• Visual Copy: You’ve found the perfect quote that illustrates the exact idea you want to convey. You select it and copy it. Visual Copy gives you a place to paste it: a library of slide templates, specially selected to surgically target exactly what you’ve copied. No more fiddling around within presentation programs, and no more searching the Internet for a vivid and compelling rendering of that perfect quote (or one like it).
  • Media Search: Logos 5 introduced Image Search, which was a huge hit. Logos 6 extends that functionality to include maps, charts, videos, and audio clips. But what’s more, it also finds slides made by the Logos’ professional design team, as well as some hand-picked images from the web.
  • Interactive Media: Imagine a textbook with a few illustrations inside. Now imagine those illustrations can be manipulated and come to life. And further, that it’s not just one illustration of one example, but of lots of examples. We think these will be useful tools for learning and teaching, either one-on-one or in a classroom setting.

Logos 6 is the biggest release we’ve ever made: here’s a list of 44 new features, 16 updated features, 37 new exclusive resources, 10 new Media Collections, 16 new datasets, and 12 updated datasets.

But time’s running out to save on a new Logos 6 base package: discounts and introductory gifts disappear at 11:59 p.m. (PST) on February 2.

Don’t wait: get Logos 6 today!

Comments

  1. I’m a new customer to Logos 6, having been using it for only a few months. You clearly understand your customer, the needs you identified above are exactly the needs I have when I’m writing for my blog, preparing to teach, or for personal study and growth.

    The fact that books can be accessed as databases and resources quicly identified, allows me to focus my time on the topic and less on the mechanical search process.

    Additionally, I really love the “clippings” feature, the graphics materials (Maps, charts pictures) the ability to create slides on the fly, the ability to create multiple layouts, and then there is the personal book feature.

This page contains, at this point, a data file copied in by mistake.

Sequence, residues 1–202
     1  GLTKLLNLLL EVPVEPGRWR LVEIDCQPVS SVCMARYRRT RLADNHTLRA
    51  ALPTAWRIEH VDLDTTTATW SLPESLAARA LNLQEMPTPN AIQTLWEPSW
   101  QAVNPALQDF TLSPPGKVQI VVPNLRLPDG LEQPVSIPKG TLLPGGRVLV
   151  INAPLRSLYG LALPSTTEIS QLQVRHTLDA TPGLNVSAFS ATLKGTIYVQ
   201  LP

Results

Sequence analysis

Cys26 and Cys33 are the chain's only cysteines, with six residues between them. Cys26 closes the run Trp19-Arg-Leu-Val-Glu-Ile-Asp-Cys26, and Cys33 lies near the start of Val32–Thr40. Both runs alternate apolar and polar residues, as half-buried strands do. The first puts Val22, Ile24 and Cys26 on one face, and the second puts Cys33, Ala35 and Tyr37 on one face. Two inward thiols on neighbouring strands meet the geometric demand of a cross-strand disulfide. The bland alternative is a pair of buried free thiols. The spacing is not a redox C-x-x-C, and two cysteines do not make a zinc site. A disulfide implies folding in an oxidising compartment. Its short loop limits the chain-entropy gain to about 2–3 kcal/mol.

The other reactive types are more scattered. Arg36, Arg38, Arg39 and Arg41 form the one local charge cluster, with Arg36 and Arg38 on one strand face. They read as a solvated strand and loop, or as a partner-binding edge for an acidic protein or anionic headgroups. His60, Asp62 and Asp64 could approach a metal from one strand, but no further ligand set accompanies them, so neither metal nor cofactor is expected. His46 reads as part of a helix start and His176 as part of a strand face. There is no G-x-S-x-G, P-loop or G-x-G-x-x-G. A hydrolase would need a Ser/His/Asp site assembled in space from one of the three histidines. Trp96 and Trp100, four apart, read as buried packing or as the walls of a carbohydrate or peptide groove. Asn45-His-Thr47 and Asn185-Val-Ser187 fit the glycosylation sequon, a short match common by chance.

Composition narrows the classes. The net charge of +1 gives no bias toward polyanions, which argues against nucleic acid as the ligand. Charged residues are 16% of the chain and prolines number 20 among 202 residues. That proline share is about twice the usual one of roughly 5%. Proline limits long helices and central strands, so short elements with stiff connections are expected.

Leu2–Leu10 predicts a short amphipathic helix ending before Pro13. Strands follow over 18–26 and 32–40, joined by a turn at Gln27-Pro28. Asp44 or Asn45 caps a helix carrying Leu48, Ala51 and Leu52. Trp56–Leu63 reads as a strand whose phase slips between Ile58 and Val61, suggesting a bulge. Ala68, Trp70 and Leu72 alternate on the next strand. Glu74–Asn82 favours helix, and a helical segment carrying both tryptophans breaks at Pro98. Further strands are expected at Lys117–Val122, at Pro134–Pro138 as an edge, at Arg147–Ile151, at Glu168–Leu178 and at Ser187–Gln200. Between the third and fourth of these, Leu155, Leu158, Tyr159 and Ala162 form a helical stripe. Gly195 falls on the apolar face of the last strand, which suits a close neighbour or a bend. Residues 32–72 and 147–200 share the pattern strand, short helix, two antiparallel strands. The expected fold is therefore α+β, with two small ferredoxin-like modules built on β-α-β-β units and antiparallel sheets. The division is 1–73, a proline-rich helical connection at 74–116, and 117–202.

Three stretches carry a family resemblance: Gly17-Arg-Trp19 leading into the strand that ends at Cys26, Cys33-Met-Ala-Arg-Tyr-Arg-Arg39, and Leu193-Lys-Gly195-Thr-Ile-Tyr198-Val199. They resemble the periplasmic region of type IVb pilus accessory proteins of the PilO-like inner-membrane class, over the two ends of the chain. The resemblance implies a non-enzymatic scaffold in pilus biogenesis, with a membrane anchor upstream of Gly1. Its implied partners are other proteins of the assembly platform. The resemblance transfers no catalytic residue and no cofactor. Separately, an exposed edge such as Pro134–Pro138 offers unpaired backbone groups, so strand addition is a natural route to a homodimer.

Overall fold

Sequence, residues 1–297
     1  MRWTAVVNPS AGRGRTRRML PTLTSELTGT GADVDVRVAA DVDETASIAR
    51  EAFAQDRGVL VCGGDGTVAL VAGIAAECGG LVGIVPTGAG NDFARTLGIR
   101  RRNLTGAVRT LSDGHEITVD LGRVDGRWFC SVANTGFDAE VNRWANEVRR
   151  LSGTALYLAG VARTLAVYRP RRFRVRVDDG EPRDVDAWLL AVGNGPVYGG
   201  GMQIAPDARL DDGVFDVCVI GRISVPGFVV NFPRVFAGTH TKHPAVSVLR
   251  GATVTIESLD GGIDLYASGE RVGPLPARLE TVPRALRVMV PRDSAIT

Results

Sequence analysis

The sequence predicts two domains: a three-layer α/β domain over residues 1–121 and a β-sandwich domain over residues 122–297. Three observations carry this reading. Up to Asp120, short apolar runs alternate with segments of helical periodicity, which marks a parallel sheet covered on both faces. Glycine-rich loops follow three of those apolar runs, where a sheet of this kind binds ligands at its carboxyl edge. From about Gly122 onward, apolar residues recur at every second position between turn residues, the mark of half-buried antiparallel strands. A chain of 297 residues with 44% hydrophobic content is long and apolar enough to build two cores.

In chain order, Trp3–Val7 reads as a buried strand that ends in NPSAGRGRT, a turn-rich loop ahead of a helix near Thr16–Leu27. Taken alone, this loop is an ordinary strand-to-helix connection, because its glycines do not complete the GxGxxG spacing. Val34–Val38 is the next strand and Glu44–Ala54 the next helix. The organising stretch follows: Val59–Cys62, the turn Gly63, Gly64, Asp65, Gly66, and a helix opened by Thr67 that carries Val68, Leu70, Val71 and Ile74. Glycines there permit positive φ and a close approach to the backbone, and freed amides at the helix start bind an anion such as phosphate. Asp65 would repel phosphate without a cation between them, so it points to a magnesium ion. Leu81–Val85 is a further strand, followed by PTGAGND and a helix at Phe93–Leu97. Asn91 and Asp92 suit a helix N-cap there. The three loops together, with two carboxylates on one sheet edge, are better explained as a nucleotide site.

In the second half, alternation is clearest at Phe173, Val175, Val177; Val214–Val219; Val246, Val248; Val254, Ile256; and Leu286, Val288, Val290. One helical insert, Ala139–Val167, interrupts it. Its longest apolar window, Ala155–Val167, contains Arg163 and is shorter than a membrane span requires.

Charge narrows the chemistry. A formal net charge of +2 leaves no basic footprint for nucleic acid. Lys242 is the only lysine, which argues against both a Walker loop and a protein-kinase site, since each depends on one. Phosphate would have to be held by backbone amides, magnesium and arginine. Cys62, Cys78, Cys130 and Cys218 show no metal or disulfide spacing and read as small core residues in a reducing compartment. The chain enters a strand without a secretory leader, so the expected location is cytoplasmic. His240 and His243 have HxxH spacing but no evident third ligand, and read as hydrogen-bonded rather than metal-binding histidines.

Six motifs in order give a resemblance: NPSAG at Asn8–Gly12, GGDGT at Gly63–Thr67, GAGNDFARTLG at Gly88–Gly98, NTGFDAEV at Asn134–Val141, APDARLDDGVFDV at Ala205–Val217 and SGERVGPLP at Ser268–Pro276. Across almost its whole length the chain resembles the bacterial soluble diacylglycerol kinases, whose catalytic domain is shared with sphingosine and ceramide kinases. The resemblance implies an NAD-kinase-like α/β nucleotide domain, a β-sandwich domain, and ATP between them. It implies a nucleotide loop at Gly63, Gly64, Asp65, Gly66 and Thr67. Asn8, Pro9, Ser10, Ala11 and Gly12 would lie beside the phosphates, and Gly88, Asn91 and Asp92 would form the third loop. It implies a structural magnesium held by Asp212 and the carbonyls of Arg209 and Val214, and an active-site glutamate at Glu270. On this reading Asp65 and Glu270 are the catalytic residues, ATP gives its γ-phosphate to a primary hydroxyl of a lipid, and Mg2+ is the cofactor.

One of the issues I have as I write is the ability to reference my own material several years from now. With the personal books feature all that I write can be captured and searched in the future.

    There is so much depth to this tool that I have grown to appreciate the tips on the user home page and that samplings of materials from my own library. I often will spot something that draws me into exploring materials or other features of Logos 6.

    Perhaps a future feature to consider woudl be a “notepad” so that I could stay within Logos 6 and begin outlining what I want to write about.

    Think of the process like this:

    1. I have a sense of a topic I wish to explore and write or preach about.
    2. I turn to Logos 6, which quickly provides me with a subset of its library to consider. Still a great deal of material to consider.
    3. Working through those resources, I make use of the “Clippings” feature to begin the process of narrowing down the focus, drawing out another subset of materials, now much more focused.
    4. Using the as yet to be created Logos 6 notepad feature, I begin to write my outline, pulling from my Clippings data yet a smaller and more focused subset of info.
    5. From the notepad, its just a small step to place the contents into their final delivery form, perhaps a slidedeck, or in my case, most often a blog.

    Anyway…just a few thoughts on a great product!